Shadows had no effect on the aphids' dropping behavior. Ladybugs, an insect enemy of aphids, didn't inspire that kind of synchronous response either.

Further studies with an artificial breath apparatus allowed the researchers to test what it was about the breath that tipped the aphids off. It turned out it wasn't carbon dioxide or other known chemical ingredients found on mammalian breath. Only when the controlled airstream was both warm and humid did it lead to impressive dropping rates of 87 percent in a room with otherwise low humidity.

Inbar said that the aphids' "elegant solution" to the problem of incidental predation is likely practiced by other species as well.

"This remarkable response to mammalian-specific cues, in spite of the inherent cost of an aphid's dropping off the plant, points to the significance of mammalian herbivory to plant-dwelling insects," the researchers concluded. "We predict that this sort of escape behavior in response to mammalian breath may be found among other invertebrates that live on plants and face the same threat."

Cell Press

WHY SOME PEOPLE CAN SLEEP THROUGH ANYTHING

0 comentarios
Ever wonder why some people can sleep through just about anything, while others get startled awake at each and every bump in the night? A new report in the August 10th issue of Current Biology, a Cell Press publication, offers some insight: sound sleepers show a distinct pattern of spontaneous brain rhythms.

"We found that by measuring brain waves during sleep, we could learn a lot about how well a person's brain can block the negative effects of sounds; the more sleep spindles your brain produces, the more likely you'll stay asleep, even when confronted with noise," said Jeffrey Ellenbogen of Harvard Medical School.

During sleep, brain waves become slow and organized, Ellenbogen explained. Sleep spindles refer to brief bursts of faster-frequency waves. Those bursts of activity are generated by a portion of the brain called the thalamus, which serves as a way station for most types of sensory information (everything except smell).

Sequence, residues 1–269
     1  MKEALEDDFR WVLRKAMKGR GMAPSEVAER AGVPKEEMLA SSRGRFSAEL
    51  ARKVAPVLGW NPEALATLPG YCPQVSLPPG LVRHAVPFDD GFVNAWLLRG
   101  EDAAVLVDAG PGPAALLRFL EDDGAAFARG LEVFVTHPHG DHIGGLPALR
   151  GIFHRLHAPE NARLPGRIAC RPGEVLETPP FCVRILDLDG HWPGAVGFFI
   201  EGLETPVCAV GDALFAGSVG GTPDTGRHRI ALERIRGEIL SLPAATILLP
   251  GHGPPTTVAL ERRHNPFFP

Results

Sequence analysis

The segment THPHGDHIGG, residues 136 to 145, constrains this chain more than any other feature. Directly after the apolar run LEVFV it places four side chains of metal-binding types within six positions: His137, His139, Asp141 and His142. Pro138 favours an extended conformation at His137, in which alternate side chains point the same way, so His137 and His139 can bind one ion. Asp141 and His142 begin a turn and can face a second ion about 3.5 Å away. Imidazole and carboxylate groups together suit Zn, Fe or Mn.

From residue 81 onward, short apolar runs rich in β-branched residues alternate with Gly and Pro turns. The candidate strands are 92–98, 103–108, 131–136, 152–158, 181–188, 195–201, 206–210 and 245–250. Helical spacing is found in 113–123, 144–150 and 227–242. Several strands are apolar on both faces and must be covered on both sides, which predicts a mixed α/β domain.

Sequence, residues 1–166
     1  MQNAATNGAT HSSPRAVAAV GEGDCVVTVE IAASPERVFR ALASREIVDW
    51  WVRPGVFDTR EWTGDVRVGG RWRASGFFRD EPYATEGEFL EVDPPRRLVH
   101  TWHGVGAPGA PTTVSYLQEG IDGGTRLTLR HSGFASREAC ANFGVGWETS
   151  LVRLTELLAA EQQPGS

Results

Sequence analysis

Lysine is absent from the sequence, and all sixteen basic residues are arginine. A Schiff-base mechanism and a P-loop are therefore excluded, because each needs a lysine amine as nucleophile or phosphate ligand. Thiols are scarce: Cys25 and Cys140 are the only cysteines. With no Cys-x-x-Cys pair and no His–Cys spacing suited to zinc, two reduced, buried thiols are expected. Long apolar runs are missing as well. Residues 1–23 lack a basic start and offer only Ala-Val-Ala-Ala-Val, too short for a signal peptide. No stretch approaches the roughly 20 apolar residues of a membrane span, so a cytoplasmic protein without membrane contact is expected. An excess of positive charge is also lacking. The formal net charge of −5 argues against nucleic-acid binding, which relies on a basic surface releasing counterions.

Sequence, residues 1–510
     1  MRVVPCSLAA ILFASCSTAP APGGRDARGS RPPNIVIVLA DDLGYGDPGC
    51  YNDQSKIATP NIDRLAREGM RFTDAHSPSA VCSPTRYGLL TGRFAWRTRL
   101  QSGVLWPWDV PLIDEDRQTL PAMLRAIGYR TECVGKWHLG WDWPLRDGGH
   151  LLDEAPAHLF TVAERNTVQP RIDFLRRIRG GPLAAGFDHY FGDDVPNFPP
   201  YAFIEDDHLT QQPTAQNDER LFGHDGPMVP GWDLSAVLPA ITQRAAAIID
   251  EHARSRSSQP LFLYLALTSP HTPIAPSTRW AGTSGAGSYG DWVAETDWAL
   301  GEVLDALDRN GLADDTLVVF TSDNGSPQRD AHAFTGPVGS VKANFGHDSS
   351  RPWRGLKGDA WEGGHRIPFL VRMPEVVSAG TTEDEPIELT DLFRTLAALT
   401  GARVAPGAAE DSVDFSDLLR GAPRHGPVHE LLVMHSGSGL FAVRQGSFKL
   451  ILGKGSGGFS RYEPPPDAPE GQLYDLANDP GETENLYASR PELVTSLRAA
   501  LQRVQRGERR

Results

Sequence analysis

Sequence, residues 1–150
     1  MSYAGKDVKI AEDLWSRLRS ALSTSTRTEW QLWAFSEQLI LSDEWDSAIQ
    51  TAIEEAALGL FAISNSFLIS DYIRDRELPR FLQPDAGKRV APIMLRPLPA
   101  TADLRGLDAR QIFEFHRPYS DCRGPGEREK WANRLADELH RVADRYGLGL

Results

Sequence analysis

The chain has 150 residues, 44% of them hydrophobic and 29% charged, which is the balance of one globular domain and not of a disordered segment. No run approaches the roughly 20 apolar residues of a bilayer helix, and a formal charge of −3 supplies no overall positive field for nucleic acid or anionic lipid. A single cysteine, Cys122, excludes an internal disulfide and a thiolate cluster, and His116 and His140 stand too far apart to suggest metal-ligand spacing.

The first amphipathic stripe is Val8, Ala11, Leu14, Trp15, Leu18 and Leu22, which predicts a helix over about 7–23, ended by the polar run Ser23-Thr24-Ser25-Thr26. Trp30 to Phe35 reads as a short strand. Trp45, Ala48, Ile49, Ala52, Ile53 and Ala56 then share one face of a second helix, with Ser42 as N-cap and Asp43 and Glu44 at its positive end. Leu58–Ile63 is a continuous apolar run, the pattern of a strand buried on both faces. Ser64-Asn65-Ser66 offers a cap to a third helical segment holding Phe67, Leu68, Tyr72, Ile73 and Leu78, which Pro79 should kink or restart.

"The thalamus is likely preventing sensory information from getting to areas of the brain that perceive and react to sound," Ellenbogen said. "And our data provide evidence that the sleep spindle is a marker of this blockade. More spindles means more stable sleep, even when confronted with noise."

Ellenbogen said he and his colleagues were surprised at the magnitude of the sleep spindle effect. They observed brain patterns of study participants as they slept in the lab for three nights. The first night was quiet and the second and third nights were noisy, as the researchers introduced a variety of sounds—a telephone ringing, people talking, hospital-based mechanical sounds, and so on. "The effect of sleep spindles was so pronounced that we could see it even after just a single night," he said.

The researchers say they hope to devise ways to enhance sleep spindles via behavioral techniques, drugs, or devices, but it's not yet clear how to do that.

Ellenbogen said such advances would be particularly welcome today, as "our sleeping environments have gotten increasingly complex and problematic, with all the beeps and boops of our 24/7 modern, crowded lives. And there are particular challenges in a hospital setting where some of the sounds are necessary (e.g., heart monitors need to send an alarm if there's a problem). Our goal is to find brain-based solutions that integrate a sleeping person into their modern environment, such that sleep is maintained even in the face of noises. This finding gets us one important step closer to realizing that goal."

Ellenbogen ultimately envisions a future in which we'll have access to multiple strategies, based on sound sleep science and technologies, to help keep us asleep when we want to sleep and awaken us when it's time to get up. "In the meantime," he said, "it still doesn't hurt to put up a sign that says 'Shhh!'"

Another piece of advice for those who really must go to sleep with the radio or TV on: use a timer. The researchers' evidence shows that such noises do disrupt sleep, whether the sleeping person realizes it or not.

Cell Press

Followers

Archive

 

Selected Science News. Copyright 2008 All Rights Reserved Revolution Two Church theme by Brian Gardner Converted into Blogger Template by Bloganol dot com